Author Archives: Steve

Settings Plus App for Windows Phone

Settings Plus

Today I created my first windows application, Settings Plus.

As a Windows Phone user myself, I did not see any applications out there that provides quick access to phone settings, especially to put the phone in silent mode (ringer and vibrate off). I really wanted this, so I dove in and started coding myself. I ended up creating a nice first application that lets the user pin Wi-Fi, Bluetooth, Cellular and Airplane mode directly to their Start. Unfortunately,  the SDK does not provide resources to modify the vibrate settings. Hopefully this will come in the future.

Download and Rate Today!

Version 1.5

  • Added: Tile options for Accounts, Location and Lock settings.
  • Updated: Icons

Version 1.4

  • Added: Settings option to skip toggle page when clicking on tile within app
  • Removed: Vibrate Icon. Windows Phone SDK does not support vibrate access

Version 1.3

  • Added: Icons now display on tiles when adding to the homescreen

Version 1.2

  • Language Support for Spanish and Chinese (Traditional)

Version 1.1

  • Added vertical scrolling to quick toggle screen
  • Bug Fix: Airplane Mode Redirection
  • Bug Fix: General Tap/Click issues

 

Poor Man’s Nokia Lumia 900 Dock

do it yourself

After seeing the Lego dock, but in possession of no Legos, I figured I could 1UP, err down, that masterpiece.
Behold, the box that it came in, dock! With Instructions.

1. Get your At&t box it came in.

2. Cut a small hole in the top cradle area, just above the recycle logo.

3. cut a smaller hole in the inside of the cradle area. Making sure to line up with usb port.

4. Push the usb through both holes.

5. Fold down flap and tuck back in.

6. Tap box flap back and wrap cords around.

7. Place on night stand and plug into the wall.

8. Slide the top of the phone in first, then the bottom.

9. Enjoy!

10. Landscape version to come!

Import contacts in CSV format to Windows Hotmail

Contacts to Hotmail

Now-a-days everyone is linking accounts and data, rather than keeping them in sync. So if you have multiple accounts with an addressbook or contact list, it makes it hard to keep them up-to-date, especially once you unlink them.

1. First export your contacts from your program or web app of choice. For me it was Google’s Gmail.
2. Then from Hotmail, click on Contacts, Manage, then Import.
3. Remember, clicking on an app will link the contacts, not sync. We must choose ‘Outlook’, which will take you to an upload form.

4. Browse and attach your csv and upload.

5. After the upload is complete, you will have the option to merge duplicate contacts.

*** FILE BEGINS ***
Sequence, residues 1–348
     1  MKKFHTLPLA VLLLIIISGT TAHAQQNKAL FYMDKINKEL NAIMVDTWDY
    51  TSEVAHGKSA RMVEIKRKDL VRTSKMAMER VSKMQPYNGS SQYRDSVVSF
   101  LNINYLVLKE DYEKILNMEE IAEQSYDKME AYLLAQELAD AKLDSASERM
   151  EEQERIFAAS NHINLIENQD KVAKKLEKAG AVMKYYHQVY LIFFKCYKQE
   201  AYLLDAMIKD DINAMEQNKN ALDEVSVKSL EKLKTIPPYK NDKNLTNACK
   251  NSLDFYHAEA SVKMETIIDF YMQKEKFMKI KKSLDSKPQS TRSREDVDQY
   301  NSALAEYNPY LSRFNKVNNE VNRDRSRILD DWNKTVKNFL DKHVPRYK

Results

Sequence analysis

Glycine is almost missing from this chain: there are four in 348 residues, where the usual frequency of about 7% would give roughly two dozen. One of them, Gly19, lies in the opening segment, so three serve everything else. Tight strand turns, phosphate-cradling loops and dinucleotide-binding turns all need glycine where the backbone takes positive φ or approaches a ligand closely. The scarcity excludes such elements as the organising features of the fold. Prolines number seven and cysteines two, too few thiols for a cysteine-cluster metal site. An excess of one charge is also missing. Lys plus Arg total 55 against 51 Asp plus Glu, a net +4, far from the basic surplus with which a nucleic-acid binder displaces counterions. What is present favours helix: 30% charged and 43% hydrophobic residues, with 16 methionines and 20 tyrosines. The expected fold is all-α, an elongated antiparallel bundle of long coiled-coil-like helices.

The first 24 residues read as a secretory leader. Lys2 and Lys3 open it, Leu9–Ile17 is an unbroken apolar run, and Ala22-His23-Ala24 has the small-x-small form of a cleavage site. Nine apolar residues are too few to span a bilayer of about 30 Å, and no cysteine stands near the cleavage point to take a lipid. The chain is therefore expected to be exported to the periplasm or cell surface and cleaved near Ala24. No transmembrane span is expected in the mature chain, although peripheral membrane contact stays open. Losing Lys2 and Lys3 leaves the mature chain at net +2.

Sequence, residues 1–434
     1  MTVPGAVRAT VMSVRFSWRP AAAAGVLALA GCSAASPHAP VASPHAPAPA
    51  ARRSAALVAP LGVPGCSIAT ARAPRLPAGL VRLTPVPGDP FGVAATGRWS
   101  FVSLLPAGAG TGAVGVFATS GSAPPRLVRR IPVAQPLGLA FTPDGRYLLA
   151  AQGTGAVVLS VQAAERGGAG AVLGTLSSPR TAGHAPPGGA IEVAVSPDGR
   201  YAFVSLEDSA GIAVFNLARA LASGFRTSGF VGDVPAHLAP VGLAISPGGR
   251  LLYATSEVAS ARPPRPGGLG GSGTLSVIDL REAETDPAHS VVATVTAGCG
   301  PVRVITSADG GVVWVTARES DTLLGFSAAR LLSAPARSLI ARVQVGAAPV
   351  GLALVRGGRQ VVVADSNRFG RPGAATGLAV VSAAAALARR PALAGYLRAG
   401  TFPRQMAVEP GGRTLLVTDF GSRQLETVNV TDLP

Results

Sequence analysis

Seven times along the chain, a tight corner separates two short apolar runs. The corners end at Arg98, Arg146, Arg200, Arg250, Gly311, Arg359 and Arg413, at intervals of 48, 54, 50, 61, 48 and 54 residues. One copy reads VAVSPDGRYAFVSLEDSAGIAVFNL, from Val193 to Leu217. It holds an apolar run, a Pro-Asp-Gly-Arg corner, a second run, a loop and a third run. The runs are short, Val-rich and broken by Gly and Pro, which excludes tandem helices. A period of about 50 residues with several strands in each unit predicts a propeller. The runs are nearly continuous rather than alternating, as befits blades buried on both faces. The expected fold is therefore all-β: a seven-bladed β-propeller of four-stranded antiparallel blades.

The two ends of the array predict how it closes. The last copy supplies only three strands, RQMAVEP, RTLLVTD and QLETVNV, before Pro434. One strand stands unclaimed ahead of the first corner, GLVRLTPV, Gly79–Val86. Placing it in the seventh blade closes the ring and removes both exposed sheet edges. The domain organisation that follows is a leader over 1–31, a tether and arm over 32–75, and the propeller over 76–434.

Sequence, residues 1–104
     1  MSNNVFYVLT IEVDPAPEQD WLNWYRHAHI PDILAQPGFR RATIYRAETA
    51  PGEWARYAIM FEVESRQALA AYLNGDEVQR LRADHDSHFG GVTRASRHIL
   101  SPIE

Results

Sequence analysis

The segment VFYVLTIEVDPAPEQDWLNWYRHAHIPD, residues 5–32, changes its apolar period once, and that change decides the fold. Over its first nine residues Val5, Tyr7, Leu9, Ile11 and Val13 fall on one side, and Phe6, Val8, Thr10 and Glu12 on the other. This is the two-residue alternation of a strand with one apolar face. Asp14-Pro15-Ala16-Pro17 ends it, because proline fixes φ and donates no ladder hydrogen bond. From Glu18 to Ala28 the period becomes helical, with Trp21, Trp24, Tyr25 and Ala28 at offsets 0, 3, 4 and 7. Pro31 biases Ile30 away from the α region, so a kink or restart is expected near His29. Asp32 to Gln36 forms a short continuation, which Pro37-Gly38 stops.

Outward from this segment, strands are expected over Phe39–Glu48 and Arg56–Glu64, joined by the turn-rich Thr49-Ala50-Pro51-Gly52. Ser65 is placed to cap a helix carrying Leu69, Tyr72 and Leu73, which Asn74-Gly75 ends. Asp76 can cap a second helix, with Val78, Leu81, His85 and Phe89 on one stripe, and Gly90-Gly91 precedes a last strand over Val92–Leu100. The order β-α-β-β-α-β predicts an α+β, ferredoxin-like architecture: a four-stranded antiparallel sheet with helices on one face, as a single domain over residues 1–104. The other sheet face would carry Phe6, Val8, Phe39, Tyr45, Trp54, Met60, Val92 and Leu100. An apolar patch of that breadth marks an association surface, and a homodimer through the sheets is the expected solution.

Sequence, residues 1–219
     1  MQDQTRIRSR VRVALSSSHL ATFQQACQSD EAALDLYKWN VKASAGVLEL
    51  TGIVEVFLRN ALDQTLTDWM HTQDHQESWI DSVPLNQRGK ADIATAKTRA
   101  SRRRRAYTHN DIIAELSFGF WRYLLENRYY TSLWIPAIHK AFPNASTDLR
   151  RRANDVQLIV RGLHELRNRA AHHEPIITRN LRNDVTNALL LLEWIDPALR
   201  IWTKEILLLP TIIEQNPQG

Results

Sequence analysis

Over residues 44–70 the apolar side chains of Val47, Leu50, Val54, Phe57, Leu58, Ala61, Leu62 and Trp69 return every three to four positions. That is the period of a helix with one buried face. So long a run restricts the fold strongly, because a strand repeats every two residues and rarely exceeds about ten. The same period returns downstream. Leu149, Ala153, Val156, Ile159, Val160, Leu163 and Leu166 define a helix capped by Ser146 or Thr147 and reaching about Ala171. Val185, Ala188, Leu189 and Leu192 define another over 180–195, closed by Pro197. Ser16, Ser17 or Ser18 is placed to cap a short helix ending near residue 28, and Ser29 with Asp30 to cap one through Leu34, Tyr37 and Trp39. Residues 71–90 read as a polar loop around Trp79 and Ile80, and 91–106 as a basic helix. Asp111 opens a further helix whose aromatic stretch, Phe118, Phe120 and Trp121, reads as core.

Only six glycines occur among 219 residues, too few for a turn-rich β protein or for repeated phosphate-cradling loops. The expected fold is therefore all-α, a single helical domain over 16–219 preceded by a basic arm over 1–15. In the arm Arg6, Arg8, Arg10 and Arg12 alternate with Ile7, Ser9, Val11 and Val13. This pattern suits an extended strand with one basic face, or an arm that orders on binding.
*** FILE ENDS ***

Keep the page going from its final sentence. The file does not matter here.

Windows Home Server Behind NGINX Reverse Proxy

Windows Home Server behind NGINX

I recently install WHS 2011 on my ESXI machine. All web traffic goes through a NGINX server to reverse proxy all my domains hosted another server.
WHS requires SSL and therefore a records needs to be set within the nginx conf file.

First thing to do is install WHS 2011. To help things along, I configured my router to send all traffic to WHS so I can easily setup the remote access and domain name. During this process, a ssl cert is generated and installed into IIS. We will need to export this cert and key and load it onto the NGINX box.

Export WHS Certificate

  1. From IIS Manager, click on Server->Sites->Default Web Sites.
  2. In the right column, ‘Actions’, click Bindings.
  3. Select HTTPS *:433: record and Edit.
  4. Under SSL Certificate, your server name should appear, then click View.
  5. Click the Details tab, then click Copy to File button.
  6. Continue through the wizard and select “yes, export the private key” and check “Export all extended properties”.
  7. Give it a password you will remember, then save it as whs.pfx to your desktop.

Copy it to NGINX

FTP the pfx file to a hosted site or any accessible folder
On the NGINX server, cd /etc/nginx/ssl/

wget http://hostedsite.com/whm.pfx

Convert Certificate

From within the ssl folder, export the certificate:

openssl pkcs12 -in whs.pfx -nokeys -out whs.pem

Export the private key:

openssl pkcs12 -in whs.pfx -out whs.key -nocerts -nodes

Create NGINX WHS Conf

Create conf file

vi /etc/nginx/conf.d/whs.conf

Paste the following and replace INTERNALIP with your internal server IP and servername with your actual domain :

server {
  listen 80;
  server_name servername.homeserver.com;
  location / {
    proxy_pass http://INTERNALIP:80;
    proxy_set_header Host $host;
    proxy_set_header X-Real-IP $remote_addr;
    proxy_set_header X-Forwarded-For $proxy_add_x_forwarded_for;
    proxy_redirect off;
  }
}

server {
  listen 443;
  server_name servername.homeserver.com;
  ssl on;
  ssl_certificate ssl/whs.pem;
  ssl_certificate_key ssl/whs.key;
  ssl_session_timeout 5m;
  ssl_protocols SSLv3 TLSv1;
  ssl_ciphers HIGH:!ADH:!MD5;
  ssl_prefer_server_ciphers on;
  location / {
    proxy_pass https://INTERNALIP:443;
    proxy_set_header host servername.homeserver.com;
  }
}

Reload NGINX

/etc/rc.d/init.d/nginx reload

Open a browser and navigate to your servers domain.

Upgrading Redmine 1.2.1 to 1.3.0 fails on Windows, Mongrel

Redmine

I previously upgraded my Redmine install from 1.1.0 to 1.2.1 an needed to supply a mongrel.rb file in the config/initialization folder. This was needed because of special requirements for use with Mongrel 1.1.5.

After upgrading to 1.3.0, I copied my normal configuration.yml and database.yml to the config folder following the upgrade instructions, as well as the mongrel.rb to the config/initialization folder. I also updated Rails per the requirements for Redmine 1.3.0 to 2.3.14

I restarted the Redmine service and got a blank white screen. After doing a little digging, I realized that the mongrel.rb was missing the entry for Rails 2.3.14, so I added it, restarted and voila! Fixed.

An updated file can be found here.